That said, truth is that this guy is not fully innocuous. When disturbed, its body glands will secrete an irritant liquid. But millipedes are nice and beneficial, since they feed on decaying vegetable matter and will consume your spoiled lettuce, so your little friend will also make a perfect waste disposal unit.

In the wild, they inhabit forests and are not rare, though they are only found below 3,300 ft (1,000 m), out of range for the average Kenya safari.

 #4  The large-eared free-tailed bat
The large-eared free-tailed bat.
Large-eared free-tailed bat, 'Otomops martiensseni'.
Ok, I admit that tucking a bat into a list of freakingly weird creatures is always an easy way out, since bats are usually ugly. But this one could surely win the world prize for the ugliest bat in the world. Or the ugliest animal. Even the ugliest whatever ever. Evolution must have been sadistic to give this guy such a freakingly weird face that seems a Munch's screaming butterfly gone werewolf. The picture shown here is not great. There's a much better one here, which I couldn't use, that shows this guy in its full glory.

The large-eared free-tailed bat is rare in Kenya, though it is actually distributed through most of Sub-Saharan Africa. In Kenya it lives predominantly in deep and remote lava caves of Mount Suswa, in the Kedong section of the Rift Valley.

But surely this poor Quasimodo bat is screaming for help, since its kin is seriously threatened. Some help may come along: in February 2013, Naivasha will host the first African bat conservation summit.

 #3  The aardvark
The aardvark. dipthongasaurus rex via Flickr
Aardvark, 'Orycteropus afer'. dipthongasaurus rex/Flickr
Remember the time when naughty children at school were forced to wear donkey ears and a pig snout? Well, it seems nobody remembered to lift poor aardvark's punishment.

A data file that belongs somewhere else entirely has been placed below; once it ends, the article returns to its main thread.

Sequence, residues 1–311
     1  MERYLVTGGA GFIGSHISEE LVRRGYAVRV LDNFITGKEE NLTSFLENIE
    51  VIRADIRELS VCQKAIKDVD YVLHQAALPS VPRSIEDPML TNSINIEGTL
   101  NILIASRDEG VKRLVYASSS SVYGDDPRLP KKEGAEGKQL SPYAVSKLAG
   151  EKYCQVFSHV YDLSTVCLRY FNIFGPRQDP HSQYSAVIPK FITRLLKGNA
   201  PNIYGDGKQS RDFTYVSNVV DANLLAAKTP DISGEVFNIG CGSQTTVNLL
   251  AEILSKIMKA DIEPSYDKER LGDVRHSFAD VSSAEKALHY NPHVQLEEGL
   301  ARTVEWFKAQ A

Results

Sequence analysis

But actually the animal best known for being the first entry in the English dictionary is not related to pigs, donkeys, or even the anteater which it is frequently mistaken for. It is the only species in the only genus in the only family in its own order ('Tubulidentata'), which is as much as saying that it hasn't had anyone with whom to share the hardships of life for the last 2.5 million years. Its closest relatives are elephant shrews and golden moles, along with hyraxes, dugongs and elephants. A freakingly weird kin.

Who knows if because of this solitary fate, the aardvark is shy, burrower and strictly nocturnal, hence it only shows up in night game drives. Its diet consists of ants and termites which it catches with its long and sticky tongue, being one of the few animals that dare to brave the fearsome siafu.

 #2  The giant rat
The giant rat. USDA
African giant pouched rat, 'Cricetomys gambianus'. USDA
One night, at Tusk Camp in Aberdare National Park, I went out for a walk when I suddenly glimpsed a furry creature creeping in the dark. I was astonished not by what it looked like, but by its size. It was huge. Larger than a cat. At once I raced to grab my Collins field guide and I browsed through the plates searching for what I had just seen and expecting to find some "Hoffman's forest groundhog" or "Birkett's fat mongoose". But what I found was plain and exactly what I had seen: "Giant rat".